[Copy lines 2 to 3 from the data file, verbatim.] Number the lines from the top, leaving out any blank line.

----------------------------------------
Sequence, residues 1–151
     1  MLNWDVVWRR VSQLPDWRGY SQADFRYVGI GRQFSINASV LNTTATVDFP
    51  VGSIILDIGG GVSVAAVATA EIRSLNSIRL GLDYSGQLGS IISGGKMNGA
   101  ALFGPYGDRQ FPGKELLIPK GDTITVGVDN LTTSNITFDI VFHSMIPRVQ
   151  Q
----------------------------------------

     1  MLNWDVVWRR VSQLPDWRGY SQADFRYVGI GRQFSINASV LNTTATVDFP
    51  VGSIILDIGG GVSVAAVATA EIRSLNSIRL GLDYSGQLGS IISGGKMNGA